Deaths due to stroke have dropped significantly in the past 10 years, from 12. 2 percent of those hospitalized in 2002 to 7.7 percent in 2012. And while that’s generally good news, there were 1,100 deaths due to stroke while hospitalized. Strokes are the fourth leading cause of death in the state and remain the number one cause of disability.
How fast someone gets to the hospital after stroke symptoms generally determines how much damage will occur to a stroke victim, according to state Health Commissioner Mary E. O’Dowd . Fewer than 50 percent of stroke victims arrive at emergency rooms by calling 911 — most use private transportation, which is considered much too high.
The age of stroke victims is also changing. While 70 percent are 65 years or older, hospitals are seeing more victims between the ages of 40 and 65.
Symptoms of stroke include sudden numbness or weakness of the face, arm, or leg — especially on one side of the body; sudden confusion, trouble speaking or understanding; sudden trouble seeing in one or both eyes; trouble walking, dizziness, loss of balance or coordination; or a sudden severe headache with no known cause.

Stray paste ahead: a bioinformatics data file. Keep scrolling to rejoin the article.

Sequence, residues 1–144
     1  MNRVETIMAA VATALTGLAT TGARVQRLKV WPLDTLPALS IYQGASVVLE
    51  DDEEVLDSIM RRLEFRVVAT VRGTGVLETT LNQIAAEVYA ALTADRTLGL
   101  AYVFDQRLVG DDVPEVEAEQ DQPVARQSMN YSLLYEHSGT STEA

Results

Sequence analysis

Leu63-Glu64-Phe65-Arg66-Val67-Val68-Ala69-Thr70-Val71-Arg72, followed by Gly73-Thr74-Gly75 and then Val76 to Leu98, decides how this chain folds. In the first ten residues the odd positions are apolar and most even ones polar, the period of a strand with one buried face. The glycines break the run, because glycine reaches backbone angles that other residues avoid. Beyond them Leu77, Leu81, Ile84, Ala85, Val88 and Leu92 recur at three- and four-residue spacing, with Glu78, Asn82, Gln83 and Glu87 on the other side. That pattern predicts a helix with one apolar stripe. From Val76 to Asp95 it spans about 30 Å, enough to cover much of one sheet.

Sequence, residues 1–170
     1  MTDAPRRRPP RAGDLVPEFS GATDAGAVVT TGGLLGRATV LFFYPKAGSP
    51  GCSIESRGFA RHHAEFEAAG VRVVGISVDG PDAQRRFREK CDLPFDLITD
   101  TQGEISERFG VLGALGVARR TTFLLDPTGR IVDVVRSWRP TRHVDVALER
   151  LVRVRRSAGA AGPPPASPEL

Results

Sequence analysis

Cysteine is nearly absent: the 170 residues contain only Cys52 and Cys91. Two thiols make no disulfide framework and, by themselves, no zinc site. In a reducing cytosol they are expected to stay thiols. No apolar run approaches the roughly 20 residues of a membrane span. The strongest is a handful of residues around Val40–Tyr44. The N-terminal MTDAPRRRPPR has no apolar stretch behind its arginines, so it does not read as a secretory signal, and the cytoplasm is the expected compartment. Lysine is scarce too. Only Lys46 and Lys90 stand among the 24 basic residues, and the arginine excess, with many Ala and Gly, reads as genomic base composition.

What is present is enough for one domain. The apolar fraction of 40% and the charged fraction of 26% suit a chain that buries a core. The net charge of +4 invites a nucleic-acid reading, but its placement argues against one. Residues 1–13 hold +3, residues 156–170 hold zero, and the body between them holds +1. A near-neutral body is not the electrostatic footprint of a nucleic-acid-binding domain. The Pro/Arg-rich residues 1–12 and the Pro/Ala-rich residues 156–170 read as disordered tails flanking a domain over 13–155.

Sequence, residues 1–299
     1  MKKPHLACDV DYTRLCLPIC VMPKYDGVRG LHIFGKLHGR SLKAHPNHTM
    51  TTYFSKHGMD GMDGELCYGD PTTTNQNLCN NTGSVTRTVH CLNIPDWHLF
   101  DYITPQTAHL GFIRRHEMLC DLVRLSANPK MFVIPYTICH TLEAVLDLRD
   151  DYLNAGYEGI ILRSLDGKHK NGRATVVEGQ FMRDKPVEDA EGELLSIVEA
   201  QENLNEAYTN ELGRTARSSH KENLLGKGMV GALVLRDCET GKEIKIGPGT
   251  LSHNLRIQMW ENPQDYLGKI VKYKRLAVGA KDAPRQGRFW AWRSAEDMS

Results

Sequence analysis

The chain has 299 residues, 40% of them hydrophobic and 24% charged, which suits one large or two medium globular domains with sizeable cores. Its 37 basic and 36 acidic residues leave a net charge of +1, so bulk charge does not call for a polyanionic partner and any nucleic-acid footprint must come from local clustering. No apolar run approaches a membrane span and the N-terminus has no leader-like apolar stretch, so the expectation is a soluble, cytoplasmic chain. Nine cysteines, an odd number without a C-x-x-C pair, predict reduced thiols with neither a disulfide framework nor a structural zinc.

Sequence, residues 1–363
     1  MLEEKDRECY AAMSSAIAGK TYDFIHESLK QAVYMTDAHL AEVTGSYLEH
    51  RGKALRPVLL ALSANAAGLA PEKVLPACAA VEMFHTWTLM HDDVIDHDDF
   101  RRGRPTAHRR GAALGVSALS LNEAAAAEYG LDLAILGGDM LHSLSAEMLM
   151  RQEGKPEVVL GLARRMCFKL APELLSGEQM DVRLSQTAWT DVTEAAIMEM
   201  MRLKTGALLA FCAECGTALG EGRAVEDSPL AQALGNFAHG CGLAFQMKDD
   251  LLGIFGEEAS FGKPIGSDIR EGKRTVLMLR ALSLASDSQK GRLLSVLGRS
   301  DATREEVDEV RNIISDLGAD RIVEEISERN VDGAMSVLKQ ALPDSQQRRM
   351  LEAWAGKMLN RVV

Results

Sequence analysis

People may also use the “FAST” test to recognize if a person is suffering from a stroke:
F = FACE, ask the person to smile.
A = ARMS, ask the person to raise both arms.
S = SPEECH, ask the person to repeat a simple sentence.
T = TIME, If you observe any of these signs (independently or together), call 9-1-1 immediately.